The following procedural history and undisputed facts are relevant to this appeal. On October 7, 2005, the defendant and his wife, Elizabeth M. Kiernan, executed a home equity line of credit agreement and disclosure statement (HELOC) in favor of the plaintiff in the original maximum principal amount of one million dollars. The HELOC was secured by an open-end mortgage deed encumbering certain real property located at 25 The Ridgeway in Greenwich. At the time the plaintiff issued the HELOC, the subject property, which had been owned by Elizabeth Kiernan since 1992, was encumbered by a mortgage in favor of Washington Mutual Bank, F.A. (Washington Mutual), in the principal amount of $2, 500, 000. The plaintiff's mortgage was recorded on the Greenwich land records on February 5, 2008.

         In April, 2011, the Kiernans refinanced the mortgage on the subject property with M&T Bank. As a result, Washington Mutual's mortgage was released and a new mortgage was recorded on the land records in favor of M&T Bank on the principal amount of $2, 425, 000 on May 3, 2011.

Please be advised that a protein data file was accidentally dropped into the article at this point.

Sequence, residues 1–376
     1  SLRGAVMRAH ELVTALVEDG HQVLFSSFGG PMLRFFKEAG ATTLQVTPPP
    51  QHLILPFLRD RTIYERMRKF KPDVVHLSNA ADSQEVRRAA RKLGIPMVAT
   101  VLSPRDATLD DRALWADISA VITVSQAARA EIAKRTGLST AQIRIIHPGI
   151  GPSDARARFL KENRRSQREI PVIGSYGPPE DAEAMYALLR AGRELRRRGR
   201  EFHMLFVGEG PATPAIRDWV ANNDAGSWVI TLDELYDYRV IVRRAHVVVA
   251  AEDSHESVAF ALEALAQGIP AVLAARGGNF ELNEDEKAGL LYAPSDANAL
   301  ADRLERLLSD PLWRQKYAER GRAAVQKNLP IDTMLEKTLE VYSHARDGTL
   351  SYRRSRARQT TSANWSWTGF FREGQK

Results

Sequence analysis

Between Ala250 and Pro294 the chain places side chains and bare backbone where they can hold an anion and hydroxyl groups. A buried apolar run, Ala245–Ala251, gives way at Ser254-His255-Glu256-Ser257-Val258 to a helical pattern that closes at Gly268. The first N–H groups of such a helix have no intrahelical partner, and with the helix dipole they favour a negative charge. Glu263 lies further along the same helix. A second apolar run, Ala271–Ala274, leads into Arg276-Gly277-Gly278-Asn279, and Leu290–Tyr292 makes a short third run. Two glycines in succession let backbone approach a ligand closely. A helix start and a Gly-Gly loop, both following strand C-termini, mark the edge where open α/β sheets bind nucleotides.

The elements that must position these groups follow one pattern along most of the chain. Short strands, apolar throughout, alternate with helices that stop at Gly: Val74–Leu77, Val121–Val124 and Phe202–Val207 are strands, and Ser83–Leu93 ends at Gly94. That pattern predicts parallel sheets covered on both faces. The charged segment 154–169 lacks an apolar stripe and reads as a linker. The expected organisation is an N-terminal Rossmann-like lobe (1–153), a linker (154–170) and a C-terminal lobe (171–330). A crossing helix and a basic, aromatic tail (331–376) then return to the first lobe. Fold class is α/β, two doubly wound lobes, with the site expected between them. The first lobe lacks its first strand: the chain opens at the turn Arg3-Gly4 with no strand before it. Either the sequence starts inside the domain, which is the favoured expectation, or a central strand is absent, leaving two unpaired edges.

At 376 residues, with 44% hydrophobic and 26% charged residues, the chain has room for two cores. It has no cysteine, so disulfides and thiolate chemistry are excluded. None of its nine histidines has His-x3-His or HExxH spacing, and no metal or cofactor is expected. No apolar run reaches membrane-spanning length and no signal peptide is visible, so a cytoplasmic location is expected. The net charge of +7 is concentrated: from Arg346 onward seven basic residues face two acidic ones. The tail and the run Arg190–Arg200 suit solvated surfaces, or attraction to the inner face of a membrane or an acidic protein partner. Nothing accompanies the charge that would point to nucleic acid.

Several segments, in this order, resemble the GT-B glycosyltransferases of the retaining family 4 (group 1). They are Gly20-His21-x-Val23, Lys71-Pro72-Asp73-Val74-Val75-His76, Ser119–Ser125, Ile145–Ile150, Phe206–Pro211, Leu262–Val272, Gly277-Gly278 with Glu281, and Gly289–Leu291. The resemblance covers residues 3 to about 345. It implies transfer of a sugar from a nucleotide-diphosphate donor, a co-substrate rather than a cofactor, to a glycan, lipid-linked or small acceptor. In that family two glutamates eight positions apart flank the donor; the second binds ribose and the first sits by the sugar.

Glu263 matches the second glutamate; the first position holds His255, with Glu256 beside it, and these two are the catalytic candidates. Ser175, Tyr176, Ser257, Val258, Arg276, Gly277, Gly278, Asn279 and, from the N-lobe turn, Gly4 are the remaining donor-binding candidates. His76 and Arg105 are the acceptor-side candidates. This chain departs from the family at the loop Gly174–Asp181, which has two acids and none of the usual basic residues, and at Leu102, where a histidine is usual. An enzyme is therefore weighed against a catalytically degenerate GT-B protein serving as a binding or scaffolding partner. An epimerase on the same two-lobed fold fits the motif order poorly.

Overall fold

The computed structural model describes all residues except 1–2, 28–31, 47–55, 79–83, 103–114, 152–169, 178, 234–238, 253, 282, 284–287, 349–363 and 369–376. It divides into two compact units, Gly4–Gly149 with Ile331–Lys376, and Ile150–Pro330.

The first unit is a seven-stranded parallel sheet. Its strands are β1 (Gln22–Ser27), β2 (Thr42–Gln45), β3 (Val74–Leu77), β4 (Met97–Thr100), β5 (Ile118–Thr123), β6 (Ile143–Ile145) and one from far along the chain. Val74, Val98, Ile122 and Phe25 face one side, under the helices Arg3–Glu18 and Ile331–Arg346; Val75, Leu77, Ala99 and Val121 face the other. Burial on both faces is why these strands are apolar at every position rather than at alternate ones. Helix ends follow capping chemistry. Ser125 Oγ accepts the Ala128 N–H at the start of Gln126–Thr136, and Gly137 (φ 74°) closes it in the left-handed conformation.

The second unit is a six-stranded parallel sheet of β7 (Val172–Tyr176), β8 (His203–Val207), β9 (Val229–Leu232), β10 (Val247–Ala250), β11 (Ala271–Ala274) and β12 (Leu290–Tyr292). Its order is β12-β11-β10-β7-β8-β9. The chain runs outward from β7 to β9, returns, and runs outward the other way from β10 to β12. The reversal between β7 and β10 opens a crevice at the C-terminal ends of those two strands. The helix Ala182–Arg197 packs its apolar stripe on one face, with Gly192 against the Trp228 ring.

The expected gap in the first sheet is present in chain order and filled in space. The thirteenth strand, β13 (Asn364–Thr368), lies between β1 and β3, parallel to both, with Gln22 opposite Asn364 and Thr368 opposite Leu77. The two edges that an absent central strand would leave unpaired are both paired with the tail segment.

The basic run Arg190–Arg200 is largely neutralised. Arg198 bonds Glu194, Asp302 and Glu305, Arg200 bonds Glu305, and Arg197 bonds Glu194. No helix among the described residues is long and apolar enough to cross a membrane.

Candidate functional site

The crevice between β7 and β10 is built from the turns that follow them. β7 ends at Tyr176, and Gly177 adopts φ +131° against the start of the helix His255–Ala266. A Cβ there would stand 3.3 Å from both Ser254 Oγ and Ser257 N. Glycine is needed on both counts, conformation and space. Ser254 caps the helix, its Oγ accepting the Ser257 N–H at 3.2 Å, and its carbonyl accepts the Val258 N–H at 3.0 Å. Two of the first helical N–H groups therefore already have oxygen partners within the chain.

At some point in 2015, the Kiernans defaulted on the HELOC and, consequently, the plaintiff brought this action to foreclose its mortgage on the subject property. During the course of litigation, a dispute arose between the plaintiff and M&T Bank as to the priorities of their respective mortgages. By agreement of all parties, the property was sold and all proceeds from the sale were deposited in an escrow account pending resolution of the priority dispute between the plaintiff and M&T Bank.

         On April 6, 2017, the plaintiff amended its complaint, converting its claim against the defendant from a mortgage foreclosure claim to a claim for interpleader and a claimon a note. The amended complaint thus contained two counts; the first stating a claim for interpleader as against M&T Bank and the second presenting a claim for damages on the note as against the defendant. The defendant did not respond to the amended complaint, and thus he was defaulted for failure to plead.